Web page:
1. On that first day, caught in the crossroads of the high school hallway, I was given a choice: left or right. To what was left, I say: left led me to you, a thousand years of love and suffering, two thousand pages of documentation: field notes, microfiche, poems. You found God in the flesh of my body and, as in the tradition of certain forgotten people, therefore wanted nothing more than to eat me whole.
To what was right, I say nothing. Tide coming in and out. The unchartable movement of stars.
2. You wrote, I do not love you like a mother. This was on the train; we moved toward Manhattan through a flurry of telephone lines, houses and light. I wrote that I loved train-time, in-between time; the space between here and there. It is like the quivering of molecules before they shift to bring a new something into the world. You wrote, I do not love you like a teacher. I do not remember what waited for us in Manhattan. In my mind, we are forever riding the in-between on rattling seats. You are forever writing, You do not love me like a son, and then passing it on.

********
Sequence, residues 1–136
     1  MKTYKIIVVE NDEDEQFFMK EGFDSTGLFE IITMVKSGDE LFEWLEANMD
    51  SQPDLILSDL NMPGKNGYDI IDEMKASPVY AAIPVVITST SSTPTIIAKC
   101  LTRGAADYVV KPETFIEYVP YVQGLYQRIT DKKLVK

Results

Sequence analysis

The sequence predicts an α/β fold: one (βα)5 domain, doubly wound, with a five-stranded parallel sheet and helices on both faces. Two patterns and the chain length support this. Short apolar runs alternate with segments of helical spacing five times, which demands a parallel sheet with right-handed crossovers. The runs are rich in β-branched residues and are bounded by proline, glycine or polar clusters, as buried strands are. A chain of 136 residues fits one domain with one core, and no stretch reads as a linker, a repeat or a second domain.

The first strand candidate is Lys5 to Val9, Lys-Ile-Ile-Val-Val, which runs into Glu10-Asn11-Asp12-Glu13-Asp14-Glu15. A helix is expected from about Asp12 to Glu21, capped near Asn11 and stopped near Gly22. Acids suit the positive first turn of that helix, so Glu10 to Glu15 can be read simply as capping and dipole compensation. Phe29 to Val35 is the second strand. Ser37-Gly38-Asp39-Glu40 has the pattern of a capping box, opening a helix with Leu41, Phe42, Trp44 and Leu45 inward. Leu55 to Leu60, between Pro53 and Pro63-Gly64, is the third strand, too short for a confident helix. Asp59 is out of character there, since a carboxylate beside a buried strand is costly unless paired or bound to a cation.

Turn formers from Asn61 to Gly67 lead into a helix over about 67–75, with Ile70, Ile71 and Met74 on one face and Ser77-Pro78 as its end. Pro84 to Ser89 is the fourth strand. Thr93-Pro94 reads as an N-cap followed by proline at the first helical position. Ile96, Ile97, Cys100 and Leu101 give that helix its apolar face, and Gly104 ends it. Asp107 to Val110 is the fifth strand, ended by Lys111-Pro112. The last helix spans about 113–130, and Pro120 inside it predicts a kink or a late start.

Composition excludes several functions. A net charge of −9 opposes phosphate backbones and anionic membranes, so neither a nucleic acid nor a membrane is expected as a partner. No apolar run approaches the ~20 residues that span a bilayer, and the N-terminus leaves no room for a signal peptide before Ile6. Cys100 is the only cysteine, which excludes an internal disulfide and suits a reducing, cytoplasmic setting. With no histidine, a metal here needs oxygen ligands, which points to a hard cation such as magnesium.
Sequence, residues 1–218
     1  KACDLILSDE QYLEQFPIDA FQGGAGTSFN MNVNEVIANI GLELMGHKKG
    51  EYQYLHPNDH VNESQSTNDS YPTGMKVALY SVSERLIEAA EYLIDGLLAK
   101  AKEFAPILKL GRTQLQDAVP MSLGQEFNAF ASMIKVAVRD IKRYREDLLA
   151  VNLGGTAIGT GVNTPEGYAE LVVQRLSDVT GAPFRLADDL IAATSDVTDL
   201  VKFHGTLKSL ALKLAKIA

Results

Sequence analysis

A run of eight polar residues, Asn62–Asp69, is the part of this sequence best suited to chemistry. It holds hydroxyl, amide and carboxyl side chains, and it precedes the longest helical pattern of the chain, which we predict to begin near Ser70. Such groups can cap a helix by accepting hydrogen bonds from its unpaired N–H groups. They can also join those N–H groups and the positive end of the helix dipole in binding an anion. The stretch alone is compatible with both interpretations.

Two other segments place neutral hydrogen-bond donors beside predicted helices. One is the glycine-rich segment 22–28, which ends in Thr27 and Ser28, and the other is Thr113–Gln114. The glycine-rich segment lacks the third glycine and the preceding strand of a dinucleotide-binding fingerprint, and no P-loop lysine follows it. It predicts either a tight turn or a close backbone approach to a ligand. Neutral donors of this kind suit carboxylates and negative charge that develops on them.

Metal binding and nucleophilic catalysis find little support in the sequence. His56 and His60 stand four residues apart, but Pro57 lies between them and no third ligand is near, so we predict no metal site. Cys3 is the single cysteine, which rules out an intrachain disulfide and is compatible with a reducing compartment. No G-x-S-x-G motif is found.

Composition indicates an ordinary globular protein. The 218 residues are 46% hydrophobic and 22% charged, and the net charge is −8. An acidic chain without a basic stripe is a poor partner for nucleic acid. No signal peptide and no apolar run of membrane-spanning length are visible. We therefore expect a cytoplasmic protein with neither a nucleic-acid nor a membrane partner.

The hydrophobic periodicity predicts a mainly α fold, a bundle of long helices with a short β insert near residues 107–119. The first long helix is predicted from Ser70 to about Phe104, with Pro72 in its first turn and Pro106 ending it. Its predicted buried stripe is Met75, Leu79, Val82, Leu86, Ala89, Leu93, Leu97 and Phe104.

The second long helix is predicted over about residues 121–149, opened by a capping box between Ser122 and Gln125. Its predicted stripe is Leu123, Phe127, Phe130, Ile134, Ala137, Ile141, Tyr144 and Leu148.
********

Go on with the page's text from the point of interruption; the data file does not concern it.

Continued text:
3. Gary sits in the kitchen, arms folded in the half-light. Through the window I can see: birds, pines, jagged lip of sky. My own lips are dry, and under my tongue something appeared last night that will not go away – a lump, or sore, and I keep checking to see if it is still there. "Use it or lose it," my father used to say. He and Gary would have gotten along; their worlds are orderly, rational, neat. They vote along party lines. They love and correct their wives. Gary offers me a juice and I accept, the sweet acidic sting under my tongue and all. I accept the sore, the situation, Gary in the half-light of morning and his wife dressing upstairs; I accept her bedroom, her bathrobe, the pines and the sky. I accept Gary’s company – in fact, I appreciate it. We say nothing and in this we find camaraderie. We are man and boy, and the questions we do not ask we will use or lose forever.